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Eye on Development


Charlotte Chamber’s Minneapolis trip: 5 takeaways

By Eric Frazier
Eric Frazier
Eric Frazier covers economic development. He has been reporting and editing at the Observer for more than 15 years. If you have a story idea or news tip to share, contact him at:

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  • Public spending on the trip

    Public officials and government staffers joined business and philanthropic leaders in the Twin Cities, at a total cost of $72,450 to their taxpayer-funded agencies.

    City of Charlotte Deputy City Manager Ron Kimble, Interim Aviation Director Brent Cagle, city staffer Ann Wall and eight City Council members went (Al Austin, John Autry, Michael Barnes, Ed Driggs, Claire Fallon, David Howard, Patsy Kinsey and Vi Lyles). At a cost of $3,150 per person, including hotel, airfare, meals and ground transportation, that came to $34,650.

    County Manager Dena Diorio and four commissioners went on the trip (Chairman Trevor Fuller, Karen Bentley, Dumont Clarke and Kim Ratliff). The county’s tab: $15,750.

    Charlotte-Mecklenburg school board member Eric Davis attended, as well as Charlotte-Mecklenburg Schools staffer Christopher Triolo. ($6,300).

    UNC Charlotte sent three people: Bob Wilhelm, Betty Doster and Nancy Fey-Yensan. ($9,450).

    Central Piedmont Community College sent Richard Zollinger and Mary Vickers-Koch ($6,300).

Last week, about 130 leaders from Charlotte’s business, government, arts and philanthropic sectors traveled to Minneapolis for the Charlotte Chamber’s annual intercity visit.

The goal was to find new solutions to some of the biggest challenges facing our region.

It was a busy trip, packed with panel discussions and speeches on major civic questions including educational equity, paying for transit and encouraging entrepreneurship.

Here are some of my takeaways:

1. Meet the real big spenders. Charlotte taxpayers often feel overtaxed compared with neighbors from surrounding counties. But Charlotte’s got nothing on the blue-state Minneapolis region, which has poured millions into pro sports stadiums and a sophisticated transit system similar to the one Charlotte wants to build – when it finds about $5 billion more.

All of that comes with high taxes and a higher cost of living than Charlotte. Still, Minneapolis’ unemployment sits at about 4 percent, far lower than Charlotte’s, thanks to Fortune 500 firms drawn by the highly educated workforce and strong quality of life.

That’s the “high-cost, high-quality approach,” said Michael Langley, head of the Minneapolis-St. Paul regional economic development partnership.

It seems to work for the Twin Cities. But with the latest tax hike rolling in on high earners, even Langley sounded as if he’d be happy if taxes don’t go up any more.

2. Embrace green-friendly growth. For a city associated with frigid winters and snowstorms, Minneapolis leans heavily on its bikeways and greenway corridors to help spur redevelopment in the urban core – and on its light-rail system, too. I got a definite sense that those who support denser, more pedestrian-friendly development in Charlotte came away feeling validated and more determined than ever.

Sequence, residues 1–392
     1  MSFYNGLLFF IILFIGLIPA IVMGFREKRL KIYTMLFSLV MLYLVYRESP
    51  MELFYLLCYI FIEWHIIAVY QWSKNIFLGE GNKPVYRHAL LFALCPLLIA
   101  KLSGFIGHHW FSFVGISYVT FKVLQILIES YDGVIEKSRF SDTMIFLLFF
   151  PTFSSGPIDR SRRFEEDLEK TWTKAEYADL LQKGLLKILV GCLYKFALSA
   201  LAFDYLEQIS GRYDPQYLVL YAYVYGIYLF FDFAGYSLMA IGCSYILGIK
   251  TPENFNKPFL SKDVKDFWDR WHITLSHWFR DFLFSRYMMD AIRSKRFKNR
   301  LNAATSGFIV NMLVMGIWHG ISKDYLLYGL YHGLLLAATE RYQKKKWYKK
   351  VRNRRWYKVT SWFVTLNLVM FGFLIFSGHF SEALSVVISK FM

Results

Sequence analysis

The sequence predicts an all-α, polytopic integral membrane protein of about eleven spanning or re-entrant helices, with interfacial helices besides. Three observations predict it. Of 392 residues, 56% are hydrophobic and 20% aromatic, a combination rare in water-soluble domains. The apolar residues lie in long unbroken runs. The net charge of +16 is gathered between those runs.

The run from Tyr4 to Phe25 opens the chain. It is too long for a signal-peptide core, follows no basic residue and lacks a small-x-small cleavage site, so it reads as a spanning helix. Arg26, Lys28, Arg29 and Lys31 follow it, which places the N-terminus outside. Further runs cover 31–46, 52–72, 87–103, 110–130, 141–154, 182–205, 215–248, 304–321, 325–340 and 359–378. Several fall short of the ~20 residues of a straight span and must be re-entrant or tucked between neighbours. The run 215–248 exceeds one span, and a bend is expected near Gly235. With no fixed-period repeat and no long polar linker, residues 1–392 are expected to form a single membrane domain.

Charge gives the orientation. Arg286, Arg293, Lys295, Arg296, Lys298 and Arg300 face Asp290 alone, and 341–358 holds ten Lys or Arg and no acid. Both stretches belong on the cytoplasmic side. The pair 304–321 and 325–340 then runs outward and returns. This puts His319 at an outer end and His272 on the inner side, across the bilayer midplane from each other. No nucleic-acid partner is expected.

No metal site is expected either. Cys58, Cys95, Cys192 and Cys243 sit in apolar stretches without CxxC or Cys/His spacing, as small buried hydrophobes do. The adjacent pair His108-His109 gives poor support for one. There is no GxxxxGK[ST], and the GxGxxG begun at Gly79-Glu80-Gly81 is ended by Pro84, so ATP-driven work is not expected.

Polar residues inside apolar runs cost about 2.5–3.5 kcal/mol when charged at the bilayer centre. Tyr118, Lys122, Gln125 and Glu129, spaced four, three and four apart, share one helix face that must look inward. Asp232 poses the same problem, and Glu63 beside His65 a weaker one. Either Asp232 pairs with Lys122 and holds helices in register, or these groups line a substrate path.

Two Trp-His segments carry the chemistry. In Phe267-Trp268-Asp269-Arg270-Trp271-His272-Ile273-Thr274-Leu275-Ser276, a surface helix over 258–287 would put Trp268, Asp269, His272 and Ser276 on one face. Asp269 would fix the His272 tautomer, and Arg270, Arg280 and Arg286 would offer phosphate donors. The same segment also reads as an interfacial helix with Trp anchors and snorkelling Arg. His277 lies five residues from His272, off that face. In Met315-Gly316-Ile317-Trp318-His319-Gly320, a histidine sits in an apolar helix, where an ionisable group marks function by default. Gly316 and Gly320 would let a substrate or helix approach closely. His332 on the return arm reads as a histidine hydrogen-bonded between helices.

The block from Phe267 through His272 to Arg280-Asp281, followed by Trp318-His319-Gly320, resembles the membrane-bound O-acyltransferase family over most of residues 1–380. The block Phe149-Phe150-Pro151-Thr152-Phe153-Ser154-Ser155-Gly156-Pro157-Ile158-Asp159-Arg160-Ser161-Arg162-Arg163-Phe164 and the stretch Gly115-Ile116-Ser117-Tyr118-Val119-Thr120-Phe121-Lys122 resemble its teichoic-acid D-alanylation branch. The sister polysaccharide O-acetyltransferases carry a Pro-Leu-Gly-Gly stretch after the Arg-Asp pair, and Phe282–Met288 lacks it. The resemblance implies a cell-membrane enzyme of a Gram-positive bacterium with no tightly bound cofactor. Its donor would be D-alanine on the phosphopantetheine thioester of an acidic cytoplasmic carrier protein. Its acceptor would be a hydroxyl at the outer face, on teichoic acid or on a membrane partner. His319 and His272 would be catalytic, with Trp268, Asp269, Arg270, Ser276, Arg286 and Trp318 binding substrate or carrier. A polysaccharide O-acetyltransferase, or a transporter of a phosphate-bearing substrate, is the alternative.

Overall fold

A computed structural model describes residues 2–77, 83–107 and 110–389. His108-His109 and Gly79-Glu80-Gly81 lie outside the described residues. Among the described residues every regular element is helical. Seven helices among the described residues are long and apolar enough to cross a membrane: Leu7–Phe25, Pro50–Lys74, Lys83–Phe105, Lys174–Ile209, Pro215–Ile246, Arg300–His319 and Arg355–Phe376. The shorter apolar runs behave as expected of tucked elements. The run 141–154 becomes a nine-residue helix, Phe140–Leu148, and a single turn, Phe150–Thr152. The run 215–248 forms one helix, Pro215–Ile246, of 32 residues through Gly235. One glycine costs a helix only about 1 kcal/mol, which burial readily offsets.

3. Stand together or fall apart. Twin Cities officials time and again stressed that they couldn’t get big civic projects done without bipartisan and regional cooperation. Citizens fought over light rail for two decades there before a regional group of county leaders and a group of CEOs from major corporations pushed it through. After heated battles over whether to build a new $1 billion football stadium, the state chipped in $348 million.

4. Protect your past. Looking at beautiful old buildings sprinkled throughout Minneapolis’ downtown, it seemed a shame that the Queen City hasn’t preserved more of its architectural past. Many of the Twin Cities’ older buildings had street-level retail stores in them, giving a random walk a sense of the kind of urban adventure you’d get in cities such as New York or San Francisco.

At a time when the younger generation is longing for walkable streets filled with shops and restaurants, uptown Charlotte is hamstrung by the fact that the bank towers that dominate its streetscape weren’t built to include street-level retail space. Uptown leaders are working to change that, but the eclectic vibe you find along some of downtown Minneapolis’ streets suggests much remains to be done.

5. Anticipate your future. U.S. Bancorp CEO Richard Davis earned a standing ovation with a speech in which he urged the Charlotte group to deal with not only today’s challenges and opportunities but to anticipate tomorrow’s as well. Borrowing a sports metaphor from hockey great Wayne Gretzsky, he told the group to approach Charlotte’s challenges like a hockey player who skates not to where the puck has been but to where it is going to be.

“Read the ricochet,” he said.

Frazier: 704-358-5145; Twitter: @Ericfraz
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